Saint Helena - first inhabitants?

Bart Dale

Ad Honorem
Dec 2009
7,095
#21
I could seeing some Pre Columbian ship being washed up on shore as result of some storm, but it would be a one way trip.

You sometimes hear legends about some people sailing west before Columbus, but you never hear them coming back. You don't get credit for a one time one way trip. Columbus sailed back and forth 4 times, and we have his logs to proves, as well as the testimony of crew and the objects he brought back, including people.

Anyways, the lack of people on St. Helena before the Portuguese support the premise of no Pre Columbian travelers. If there were Pre Columbinan travelers, then it might have been previously inhabited, but since we know it wasn't., just another blow against the PC theory.
 

Tulius

Ad Honorem
May 2016
5,455
Portugal
#22
Anyways, the lack of people on St. Helena before the Portuguese support the premise of no Pre Columbian travelers. If there were Pre Columbinan travelers, then it might have been previously inhabited, but since we know it wasn't., just another blow against the PC theory.
It is interesting to note that even Islands much more close to the African continent were inhabited. Islands that were after intensely colonized by the Portuguese like the ones in the archipelago of Madeira, Cape Verde, São Tomé and Príncipe.

Also interesting is the pre-colonial human presence in the island of Fernando Pó (today’s Bioko), quite near the São Tomé and Príncipe archipelago and in other quite interesting case, in the Canary Islands, quite near Madeira. But these later cases travelling from the African continent can be considered coastal navigation.

Edit:

On the other hand, on the other side of the Atlantic the Taínos and Caribes in the Caribbean seemed to have some seafaring traditions, but as far as we know never reached Europe or Africa. Even if there are some stories that some bodies and wrecks arrived to Azores or Madeira, can’t recall.
 
Last edited:
Jul 2011
579
western Europe
#23
I never said it was impossible, merely hard. I don't have to provide anything, because I was merely proposing a possible mechanism to explain the lack of ocean ships going by Africans. You are the one keeps evading providing the required evidence for your claims. As I daid before, move the thread to speculative history if you can't.
- "Three currents can carry Africans to the Americas: one current off the Cape Verde islands, one current off the Senegambia coast, and one current off the southern coast of Africa."
- you still have no evidence that west African waters was impossible to traverse

If we can find the meager traces of a handful of Vikings that only stayed a few years, we should be able find traces of these mythological Pre Columbian travelers. The burden of proof is on you, until you can find it you have no justification for making the claim.
Traces of human presence are rarely easy to come across - the longer ago and the shorter presence the harder it is.

Yes we do. We have the evidence of explorers who visited the various tribes, and have examples of canoes and other boats they did posses. If we can find dugouts and other boats, then we should have found ecidence of the larger ocean ships, but we don't. The burden is not on me to show the expertise did not exist, it is on you to show it exist. You are going to make claims they built spaceships, you need to provide the evidence.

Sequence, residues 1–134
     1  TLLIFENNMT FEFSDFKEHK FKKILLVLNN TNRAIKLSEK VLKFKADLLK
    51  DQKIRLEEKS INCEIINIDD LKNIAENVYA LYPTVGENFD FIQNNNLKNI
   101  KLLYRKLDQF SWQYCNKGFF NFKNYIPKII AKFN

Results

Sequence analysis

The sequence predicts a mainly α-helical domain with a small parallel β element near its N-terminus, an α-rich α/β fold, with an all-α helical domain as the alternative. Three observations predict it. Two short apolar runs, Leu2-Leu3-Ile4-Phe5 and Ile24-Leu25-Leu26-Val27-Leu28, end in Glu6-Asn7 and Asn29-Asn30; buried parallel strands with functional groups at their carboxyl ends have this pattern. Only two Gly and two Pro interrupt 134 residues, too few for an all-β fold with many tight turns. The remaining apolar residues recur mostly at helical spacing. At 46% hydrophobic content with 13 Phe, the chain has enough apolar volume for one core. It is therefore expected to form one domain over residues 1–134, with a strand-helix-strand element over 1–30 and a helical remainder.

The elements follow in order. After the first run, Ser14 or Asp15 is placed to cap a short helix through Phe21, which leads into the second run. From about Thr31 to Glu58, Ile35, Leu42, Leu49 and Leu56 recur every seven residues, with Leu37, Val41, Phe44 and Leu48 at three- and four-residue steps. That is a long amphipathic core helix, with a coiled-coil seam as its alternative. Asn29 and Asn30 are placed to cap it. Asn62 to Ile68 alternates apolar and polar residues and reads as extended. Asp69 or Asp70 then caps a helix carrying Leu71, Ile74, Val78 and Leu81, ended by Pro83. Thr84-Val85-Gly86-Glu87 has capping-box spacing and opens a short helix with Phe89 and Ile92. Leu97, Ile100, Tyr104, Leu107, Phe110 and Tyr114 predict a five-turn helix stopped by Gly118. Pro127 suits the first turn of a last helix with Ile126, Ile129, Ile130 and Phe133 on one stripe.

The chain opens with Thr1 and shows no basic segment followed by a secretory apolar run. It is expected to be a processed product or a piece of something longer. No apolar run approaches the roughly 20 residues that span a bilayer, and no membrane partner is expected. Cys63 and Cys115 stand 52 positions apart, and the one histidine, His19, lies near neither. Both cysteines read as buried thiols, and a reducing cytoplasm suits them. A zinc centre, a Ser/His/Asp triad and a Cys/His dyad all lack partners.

The Europeans arrived perhaps centuries later.

Making a ocean going ship, which are larger in general, woulf be a lot easier with iron tools. Try building one witn stone tools, and come back after you had. There is a reason people switched to iron tools, and it wasn't because they ran out of stone.
Whether iron tools were a compulsory shipbuilding component or not, you have no evidence validating that pre-Columbian journeys were impossible.

The Europeans preferred not to see people starve, like the mythology Pre Columbian travelers. Not only are they only not smart enough to see the advantages of these new foods, tney would prefer to see their fellow humans starve instead of bringing them new foods that could save tneir lives. How utterly selfish these mythological Pre Columbian travelers were. Not bright and selfish, what a combination these mythological Pre Columbian travelers were/
Which foods are you referring to and how can we certify they did not originate from the other side of the Atlantic?

And despite the oft made claim, non Europeans were just as interest in riches as Europeans. Piracy was just as common in China as in Europe, and the Chinese did not give away their porcelain for free as you seem to imply.
Please reformulate.

The only differenc is the non Europeans lacked the courage to risk the dangers in unknown waters and travel where none had travel before, and face unknown dangers. Known dangers, to commit acts of greed like robbery and piracy, the non Europeans were willing to face. They were more willing to become pirates than face the dangers of legitimate traders and risking sailing across the world as the Europeans did. So it is a myth they weren't into profit and making money as Europeans
Absence of records does not imply absence of event.

The some of quotes were from Tulius, not me. I suggest you read what I posted, and what Tulius. Perhaps you think all westerners write the same, so you can't tell us apart?
I addressed both of your comments separately; why do you imply I didn't?

Tulius said:
Exactly, I agree with you. We have no records.

We have no records, written, archaeological, or other… so… it is purely speculation until such a record can be found.
Only Europeans had explicit records. We have many clues however (cf. the links I provided).

Bart Dale said:
Anyways, the lack of people on St. Helena before the Portuguese support the premise of no Pre Columbian travelers. If there were Pre Columbinan travelers, then it might have been previously inhabited, but since we know it wasn't., just another blow against the PC theory.
see above

Tulius said: